Bach: Brandenburg Concertos - Egarr

Bach: Brandenburg Concertos - Egarr

Harmonia Mundi  HMU 807461/62 (2 discs)

Stereo/Multichannel Hybrid


Bach: Brandenburg Concertos Nos. 1-6

Academy of Ancient Music
Richard Egarr

Long neglected on a library shelf in Brandenburg Castle, these six 'Concertos for several instruments' have since become some of the best-known works in the classical repertoire for their musical inventiveness and their games of mathematical symmetry. Richard Egarr and the Academy of Ancient Music have endeavoured to return to the original 'chamber' conception of the works, with one player per part.

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DSD recording
Reviews (1)

Review by John Miller - March 29, 2009

Egarr's new set of Brandenburgs has several unusual features. Together with his highly experienced AAM Period instrument players, a decision was taken to experiment by playing the concertos in pure chamber fashion, i.e. with one instrument per part. Quite possibly Bach might sometimes have played them this way himself, had he lacked greater resources or was performing in an restricted space. Also, the AAM play at a 'French' Baroque pitch of A=392Hz, virtually a whole tone below modern concert pitch (A=440Hz). This was particularly welcomed by the trumpeter, who didn't have to "blast" with his period valveless trumpet in high passages and could phrase more gracefully. The low pitch also allowed the use of French-style woodwind instruments - so we have dove-like flutes but rather fragile-sounding treble recorders. Egarr also adds a theorbo and a Baroque guitar to his own harpsichord continuo. Performing editions for the recording were prepared by the artists from MS sources.

The DSD recording was made in St Jude's-on-the-Hill, London (May-2008 - Mar-2009). For such small forces with horns and trumpet, the captured acoustic is remarkably lively, and I suspect that any Kapellmeister worth his salt would, if presented with this situation, have immediately doubled or tripled his string players. While the brass instruments are well behind the Ripieno (main string group), they do at times cover important lines in the strings, and their strong tone seems out of proportion to the reduced ripieno. Nevertheless, the sound is transparent and well-focussed, allowing more internal detail of Bach's wonderfully experimental scoring to register than usual, and its airy sound matches the interpretation.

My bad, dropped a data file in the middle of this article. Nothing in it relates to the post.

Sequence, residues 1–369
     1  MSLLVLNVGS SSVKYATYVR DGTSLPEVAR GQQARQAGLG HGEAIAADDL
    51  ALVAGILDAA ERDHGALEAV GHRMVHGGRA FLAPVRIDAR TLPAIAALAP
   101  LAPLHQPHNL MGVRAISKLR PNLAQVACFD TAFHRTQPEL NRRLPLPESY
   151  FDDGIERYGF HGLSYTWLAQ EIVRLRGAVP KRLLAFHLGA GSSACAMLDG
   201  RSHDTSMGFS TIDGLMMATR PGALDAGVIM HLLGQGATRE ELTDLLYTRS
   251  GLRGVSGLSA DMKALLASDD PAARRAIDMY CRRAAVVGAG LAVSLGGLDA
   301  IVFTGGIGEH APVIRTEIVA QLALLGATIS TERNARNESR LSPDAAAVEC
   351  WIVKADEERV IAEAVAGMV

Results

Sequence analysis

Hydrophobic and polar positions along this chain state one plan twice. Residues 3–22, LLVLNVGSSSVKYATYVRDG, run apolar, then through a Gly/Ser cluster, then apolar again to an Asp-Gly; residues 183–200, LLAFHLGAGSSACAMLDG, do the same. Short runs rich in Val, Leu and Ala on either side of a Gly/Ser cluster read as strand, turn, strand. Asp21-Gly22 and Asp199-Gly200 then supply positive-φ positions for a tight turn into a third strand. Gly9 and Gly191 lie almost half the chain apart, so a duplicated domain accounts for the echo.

Egarr's tempi are on the conservative side, significantly slower than those of Fasolis (Bach: Brandenburg Concertos 1, 2, 3 & 4 - Fasolis, Bach: Brandenburg Concertos Nos. 5 & 6, Triple Concerto - Fasolis), and it seemed to me that the playing was more about loving detail than forward momentum. The effect is one of gentle and polite sophistication with lovely work from the players, but a feeling that they were playing for themselves rather than projecting the 'Affekt' (Baroque term for emotion) to the audience. At times the tempi dragged, particularly in the slow movements, the players sometimes nearly nodding off only to jerk themselves awake, and in long imitative passages the rhythms were somewhat metrical. The usual 'Dancing Bach' was only intermittently present. In the first movement of Brandenburg No. 2 there was some mannered slowing or pausing on upbeats which I found irritating, disrupting the flow. Egarr's playing in the continuo is relatively unobtrusive and stylish, but the small sound of his harpsichord lacks the instrument's usual incisive and brilliant tone, partly as a result of the lower pitch, and it makes disappointingly little impact in the solo passages of the Fifth Concerto.

In general, it seems to me that the outcome of this experiment is that reducing forces and playing in an intimate chamber manner markedly reduces the contrast and colour of the music and therefore the potential excitement and drama of these often robust pieces. Such 'toy' Brandenburgs would be ideal listening in a Princely chamber over supper, but for sparkle, rustic vigour and sheer Period panache I turn, for example, to Fasolis, whose First Concerto joyfully bounds out to greet you. (Fasolis' second disc also includes a substantial Bach filler, lacking in the Harmonia Mundi set).

This interesting Period performance has its own merits and is well worth hearing, but I would suggest listening to some other Period alternatives before adopting it as your only version.

Copyright © 2009 John Miller and


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